Quick Hits

  • The Dartmouth men’s basketball team voted to unionize in what would be the first union to represent college athletes.
  • Dartmouth has filed an appeal with the NLRB that could determine whether college athletes are employees within the meaning of the NLRA.
  • The union vote could have significant implications for the future of college sports in the United States.

In a representation election overseen by the NLRB, the Dartmouth men’s basketball players reportedly voted 13-2 to be represented by the Service Employees International Union Local 560. The Trustees of Dartmouth College immediately filed a request for a review of the regional director’s decision and direction of election that had allowed the unprecedented election to proceed despite serious implications for college sports.

The election comes after an NLRB regional director in Boston, Massachusetts, ruled on February 5, 2024, that the men’s basketball players at Dartmouth—who compete in the National Collegiate Athletic Association (NCAA) Division I, the highest level of college athletics—are “employees” within the meaning of the National Labor Relations Act (NLRA) and have the right to a union election.

Dartmouth argued in its request for review that the players cannot be considered employees under the NLRA because they are amateur students who are provided with financial aid and academic resources, not compensation, and do not provide any service to the school.

Dartmouth, which is a private institution in New Hampshire and part of the all-private Ivy League collegiate athletic conference, called the regional director’s decision an “unprecedented, unwarranted, and unsupported departure” from applicable legal standards that creates a “new definition of ‘employee’” and “promises to have significant negative labor and public policy implications.”

College Athletes’ Employment Status

NLRB Region 1 Director Laura Sacks found that the Dartmouth men’s basketball players were employees in large part because the school “exercises significant control” over their participation on the team, including determining when players practice and play, review film, engage with alumni, and take part in other team-related activities. During travel, the school controls when and where the players travel, eat, and sleep, the regional director found.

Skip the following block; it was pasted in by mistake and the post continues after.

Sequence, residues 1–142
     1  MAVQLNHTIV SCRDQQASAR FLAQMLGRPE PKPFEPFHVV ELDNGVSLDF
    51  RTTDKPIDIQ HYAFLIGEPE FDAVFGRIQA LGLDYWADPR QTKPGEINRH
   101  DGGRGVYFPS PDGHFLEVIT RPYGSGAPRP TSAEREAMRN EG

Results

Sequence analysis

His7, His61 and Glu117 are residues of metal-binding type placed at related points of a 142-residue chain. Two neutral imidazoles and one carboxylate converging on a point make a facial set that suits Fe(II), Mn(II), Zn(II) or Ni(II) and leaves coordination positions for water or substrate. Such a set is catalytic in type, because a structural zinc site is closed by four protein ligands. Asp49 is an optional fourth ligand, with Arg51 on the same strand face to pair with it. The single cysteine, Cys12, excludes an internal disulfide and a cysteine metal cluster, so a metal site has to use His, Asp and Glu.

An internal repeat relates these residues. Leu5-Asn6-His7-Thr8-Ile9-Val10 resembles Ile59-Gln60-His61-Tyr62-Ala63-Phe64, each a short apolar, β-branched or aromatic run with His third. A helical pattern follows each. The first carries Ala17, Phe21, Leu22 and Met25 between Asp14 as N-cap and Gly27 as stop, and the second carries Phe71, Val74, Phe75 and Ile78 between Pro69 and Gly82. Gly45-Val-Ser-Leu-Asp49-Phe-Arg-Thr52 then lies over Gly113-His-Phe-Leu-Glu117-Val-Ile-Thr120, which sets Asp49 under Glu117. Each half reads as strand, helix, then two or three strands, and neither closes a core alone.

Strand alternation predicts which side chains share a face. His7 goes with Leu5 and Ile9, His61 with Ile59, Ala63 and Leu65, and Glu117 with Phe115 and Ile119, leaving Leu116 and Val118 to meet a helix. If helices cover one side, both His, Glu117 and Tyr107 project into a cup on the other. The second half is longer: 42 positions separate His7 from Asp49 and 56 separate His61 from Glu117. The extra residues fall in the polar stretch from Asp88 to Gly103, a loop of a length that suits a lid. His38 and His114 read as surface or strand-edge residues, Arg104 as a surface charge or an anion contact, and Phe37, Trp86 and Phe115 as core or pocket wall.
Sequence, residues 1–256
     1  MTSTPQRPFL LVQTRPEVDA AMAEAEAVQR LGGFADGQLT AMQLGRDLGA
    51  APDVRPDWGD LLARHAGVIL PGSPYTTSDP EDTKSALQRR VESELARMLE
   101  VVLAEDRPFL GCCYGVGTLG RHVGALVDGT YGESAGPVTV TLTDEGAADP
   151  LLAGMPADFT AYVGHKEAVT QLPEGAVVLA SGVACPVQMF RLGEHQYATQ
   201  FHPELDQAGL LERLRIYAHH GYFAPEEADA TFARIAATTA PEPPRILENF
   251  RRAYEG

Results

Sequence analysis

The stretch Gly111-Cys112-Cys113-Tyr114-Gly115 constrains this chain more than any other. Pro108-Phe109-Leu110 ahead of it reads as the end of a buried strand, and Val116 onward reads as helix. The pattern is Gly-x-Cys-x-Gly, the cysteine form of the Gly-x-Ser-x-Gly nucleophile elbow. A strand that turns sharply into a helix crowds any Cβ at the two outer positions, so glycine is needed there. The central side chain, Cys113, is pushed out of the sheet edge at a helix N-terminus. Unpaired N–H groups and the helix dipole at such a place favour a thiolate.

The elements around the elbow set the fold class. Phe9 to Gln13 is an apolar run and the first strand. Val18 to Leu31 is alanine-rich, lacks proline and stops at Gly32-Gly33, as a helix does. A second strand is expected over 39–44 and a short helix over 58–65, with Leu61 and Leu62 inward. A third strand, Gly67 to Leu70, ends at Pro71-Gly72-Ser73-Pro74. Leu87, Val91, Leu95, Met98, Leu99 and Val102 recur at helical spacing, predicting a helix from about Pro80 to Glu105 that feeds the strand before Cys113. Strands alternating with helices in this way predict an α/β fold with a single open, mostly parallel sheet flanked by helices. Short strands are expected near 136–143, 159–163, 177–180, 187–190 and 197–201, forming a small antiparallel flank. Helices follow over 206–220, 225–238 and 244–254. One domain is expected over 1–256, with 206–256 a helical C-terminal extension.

Further, the regional director found that despite questions about the revenue generated, the players generate publicity for the school, and do so to receive various economic benefits, including equipment and apparel, tickets to games, lodging, meals, and other specialized academic and career development support.

The Dartmouth appeal tees up for the NLRB the issue of whether college athletes at private schools are employees after the NLRB punted on a similar issue in a 2015 case involving college football players at Northwestern University that left open the issue of whether college athletes at private universities may be considered employees under the NLRA.

In the Northwestern case, the full Board later declined to assert jurisdiction over the case, finding it “would not serve to promote stability in labor relations,” largely because the majority of schools that compete in college football at the highest level are public institutions not subject to the NLRA.

The regional director in Dartmouth reached her conclusion despite the significant differences in the economics of college basketball and football that distinguished the Dartmouth case from the Northwestern case, where the players received athletic scholarships in a sport—football—that generated more revenue. Further, unlike the highest level of college football, which is comprised mostly of public universities, Dartmouth is a member of a collegiate athletic conference made up entirely of private universities that do not provide athletic scholarships.

Looking Ahead

If the Board agrees that the Dartmouth basketball players are employees and allows the union election to stand, it could have a ripple effect, with college athletes at private universities across the country seeking to organize.

Yet the Dartmouth basketball players’ unionization vote is only the latest in a string of legal developments related to whether college athletes may be considered employees or parties entitled to receive compensation under various legal standards, including under the NLRA and Fair Labor Standards Act (FLSA). On February 23, 2023, the U.S. District Court for the Eastern District of Tennessee issued a preliminary injunction blocking the NCAA from enforcing new rules on athletes’ compensation derived from name, image, and likeness (NIL) rights—specifically, rules restricting the ability of so-called school “boosters” to negotiate with NCAA athletes during the recruiting and transfer processes.

Ogletree Deakins will continue to monitor developments and will provide updates on the Higher Education, Sports and Entertainment, and Traditional Labor Relations blogs.

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